We’ve heard from health officials and frontline caregivers who are flummoxed by the many folks who deny the existence of coronavirus and/or refuse to take just the most basic preventative actions.
Yuba-Sutter has slipped (more like fallen flat) into the purple tier – the most restrictive coronavirus class for counties that are not doing so well. The number of new coronavirus cases here has been spiking this past week.
Usually, we’d be quickening the pace this morning, making way through chores and projects to get downtown to watch one of the best small-town Veterans Day parades anywhere.
We know we’re a pain in the rear sometimes. But we gotta do what we gotta do ... including calling up and being pesky to elections officials who haven’t slept much in days and must have this general cloud of dark fear chasing them around, no matter how sound their operations are.
We’ve heard all about it from the faithful of both sides. Their nerves are running amok – the balloting is so close, we’re not used to it taking so long, and it’s driving us all crazy. And with lawsuits more than likely, who knows how long it could drag on?
There are all kinds of kids with all kinds of interests and whenever a school system can provide them with time, coaching, instruction and support, the kids come out the winners.
Think of it: 418 people were injured and/or killed in the Yuba-Sutter area in a span of just one year (Oct. 1, 2017, to Sept. 30, 2018) because of one or more of just three of the causes of traffic accidents: traveling at an unsafe speed; improper turning; and driving on the wrong side of th…
It seems that there’s at least one more item to add to the Yuba-Sutter portfolio of strategies dealing with homelessness: free camping in sanctioned and maintained grounds.
Our apologies to subscribers whose Friday papers were delivered late. The fire along Simpson Lane Thursday night took out power for much of the Marysville-Linda area, including power to the Appeal property.
We’re moving into the homestretch for the Nov. 3 General Election (some say “Praise the Lord”). It comes during a time when a lot of us have time to sit down and compose a letter to the editor, so time to review a few campaign season letter etiquette rules.
Back at the beginning when we were beginning to comprehend that it was a pandemic, we thought Calif. Gov. Gavin Newsom was doing well – acting just the way you want the leader to act in the face of something so onerous, so unruly, so potentially deadly.
We’re all Americans. We may like to talk like we’re hardboiled dealmakers, but we inherently believe in fair play: so we don’t wish someone ill and when someone does become ill, we wish them well. It doesn’t matter how much we love or dislike President Trump, family and staff – we wish them …
Thumbs Up: We have a whole lot of respect for the Friends of the Marysville Stampede, the Flying U Rodeo Company, and the Rosser family. They made a tough decision and it’s for the best.
For the danger of high water and flooding there are decades of experience, reams of procedures, hundreds of public servants who know what they’re to do.
It’s a tricky three-day weekend. We’d like to be recreating with friends ... but we’re worried about all the warnings that social gatherings are the greatest contributors to increasing COVID-19 cases. How about properly distanced gatherings? It’s going to be very hot. Not a great weekend to …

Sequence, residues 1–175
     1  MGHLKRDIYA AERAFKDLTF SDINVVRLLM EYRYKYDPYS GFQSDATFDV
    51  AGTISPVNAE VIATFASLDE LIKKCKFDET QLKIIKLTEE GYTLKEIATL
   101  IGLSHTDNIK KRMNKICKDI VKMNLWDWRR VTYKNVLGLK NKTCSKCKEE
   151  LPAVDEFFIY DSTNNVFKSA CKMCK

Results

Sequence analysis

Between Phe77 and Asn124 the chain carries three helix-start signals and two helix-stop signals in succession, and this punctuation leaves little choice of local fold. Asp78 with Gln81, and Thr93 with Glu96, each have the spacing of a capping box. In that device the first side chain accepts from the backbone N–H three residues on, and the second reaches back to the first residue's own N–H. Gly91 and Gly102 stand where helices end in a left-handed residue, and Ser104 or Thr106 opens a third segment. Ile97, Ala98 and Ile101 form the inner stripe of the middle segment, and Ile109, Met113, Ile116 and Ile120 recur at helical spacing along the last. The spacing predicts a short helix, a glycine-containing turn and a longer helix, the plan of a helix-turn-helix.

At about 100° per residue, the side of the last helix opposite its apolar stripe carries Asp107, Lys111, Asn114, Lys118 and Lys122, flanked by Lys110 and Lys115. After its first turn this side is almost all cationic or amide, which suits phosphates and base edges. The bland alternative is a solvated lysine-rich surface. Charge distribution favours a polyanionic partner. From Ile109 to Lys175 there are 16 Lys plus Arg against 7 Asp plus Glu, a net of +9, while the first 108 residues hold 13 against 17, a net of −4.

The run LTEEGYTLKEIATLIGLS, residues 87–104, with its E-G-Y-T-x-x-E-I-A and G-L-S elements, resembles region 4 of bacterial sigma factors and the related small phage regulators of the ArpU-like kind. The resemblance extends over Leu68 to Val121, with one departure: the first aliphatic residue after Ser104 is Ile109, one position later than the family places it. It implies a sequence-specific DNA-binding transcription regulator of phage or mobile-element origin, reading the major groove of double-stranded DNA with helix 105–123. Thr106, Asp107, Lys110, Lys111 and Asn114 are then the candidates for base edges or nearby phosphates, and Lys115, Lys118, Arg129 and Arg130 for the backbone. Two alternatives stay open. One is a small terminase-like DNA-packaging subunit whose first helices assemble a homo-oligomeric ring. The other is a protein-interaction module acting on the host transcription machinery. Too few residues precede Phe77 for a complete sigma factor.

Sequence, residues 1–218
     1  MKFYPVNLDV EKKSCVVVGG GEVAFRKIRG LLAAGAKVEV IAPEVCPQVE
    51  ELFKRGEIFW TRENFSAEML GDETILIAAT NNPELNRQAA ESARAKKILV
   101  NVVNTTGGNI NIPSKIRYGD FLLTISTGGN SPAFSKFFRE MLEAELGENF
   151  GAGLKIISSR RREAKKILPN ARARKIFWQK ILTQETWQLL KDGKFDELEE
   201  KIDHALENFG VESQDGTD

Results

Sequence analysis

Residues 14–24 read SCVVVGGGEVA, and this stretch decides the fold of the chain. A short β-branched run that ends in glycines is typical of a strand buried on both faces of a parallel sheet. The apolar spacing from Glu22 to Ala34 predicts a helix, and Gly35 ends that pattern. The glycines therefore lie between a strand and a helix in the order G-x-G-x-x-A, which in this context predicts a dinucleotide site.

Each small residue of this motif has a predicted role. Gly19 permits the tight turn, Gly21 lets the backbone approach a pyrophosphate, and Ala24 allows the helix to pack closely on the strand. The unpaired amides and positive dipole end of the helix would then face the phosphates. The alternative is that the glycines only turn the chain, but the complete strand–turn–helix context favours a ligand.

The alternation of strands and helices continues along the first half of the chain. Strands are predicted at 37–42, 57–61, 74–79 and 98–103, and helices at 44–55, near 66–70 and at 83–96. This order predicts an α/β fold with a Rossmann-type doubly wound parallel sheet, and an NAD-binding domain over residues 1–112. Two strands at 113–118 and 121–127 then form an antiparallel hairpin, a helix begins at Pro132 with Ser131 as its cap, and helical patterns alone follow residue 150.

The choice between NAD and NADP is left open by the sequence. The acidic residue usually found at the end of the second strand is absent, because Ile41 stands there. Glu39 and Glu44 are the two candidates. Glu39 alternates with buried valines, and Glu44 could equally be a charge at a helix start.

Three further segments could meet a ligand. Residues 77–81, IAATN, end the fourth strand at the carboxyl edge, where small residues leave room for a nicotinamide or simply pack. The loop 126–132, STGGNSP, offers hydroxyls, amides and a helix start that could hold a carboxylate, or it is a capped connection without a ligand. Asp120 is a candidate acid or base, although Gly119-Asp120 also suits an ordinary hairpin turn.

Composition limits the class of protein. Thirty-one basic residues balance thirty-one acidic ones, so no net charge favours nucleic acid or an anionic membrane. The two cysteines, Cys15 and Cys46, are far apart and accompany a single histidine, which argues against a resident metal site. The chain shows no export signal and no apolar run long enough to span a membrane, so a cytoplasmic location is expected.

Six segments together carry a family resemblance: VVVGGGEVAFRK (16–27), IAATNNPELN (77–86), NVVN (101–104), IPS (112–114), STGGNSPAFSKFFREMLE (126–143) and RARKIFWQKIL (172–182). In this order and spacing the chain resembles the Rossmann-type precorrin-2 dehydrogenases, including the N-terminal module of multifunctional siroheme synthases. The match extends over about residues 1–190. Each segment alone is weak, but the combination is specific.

Here’s hoping that our city and county leaders are dedicated to working on a set of strategies to deal with a possible surge in homelessness. We know that the matter is on some agendas.
It’s insurance you’ve earned by working. It’s “unemployment insurance” and if you held down a job and were laid off or furloughed, it shouldn’t take months to get your first unemployment check. It shouldn’t take months to get a simple call back to clear up a problem or answer a question to g…
We received some positive feedback on our story and feature photo package about the new bridge. But one caller wanted to keep us humble – she had just one message about our 5th Street Bridge replacement project spread in the Saturday edition, in which we featured several photos of the major …
Embarrassingly, the Appeal celebrated a birthday this month and we let it sneak up on us. It was in August 170 years ago: the first publication of a newspaper that was eventually bought out by another newspaper which eventually merged with another newspaper and morphed into the Appeal.
I haven’t taken the time to go back and do an actual tally, but take my word for it ... we’ve been getting more than the normal number of letters to the editor lately. For the past couple months, I think.
This will be a memorable and a remarkable election season. And we’re not talking just about national politics and the presidential race.
It’s the modern-day shibboleth (a word, a way of saying something, a sign, a token that proves you to be trustworthy and a member of a society): Wearing a mask in public.
Maybe it’s time for something different to ease the pain of losing, searching for, working with, and again losing city administrators.
As California communities juggle new spikes in COVID-19, the need for accurate and timely information is more important than ever. But without action by the California Legislature, a major source of that vital information – community newspapers – are now at risk.
Even as Yuba-Sutter’s confirmed cases broke the half-a-thousand mark, there are still COVID-19 deniers. They invest their brain cells in disagreeing with generally-accepted truths and protect their investment by employing various levels of obstinance: nobody can be right who doesn’t agree wi…
We’re coming to our readership somewhat hat in hand – asking our friends to help by conveying their support to federal legislators for a bi-partisan proposal meant to help newsrooms operating through some very trying times.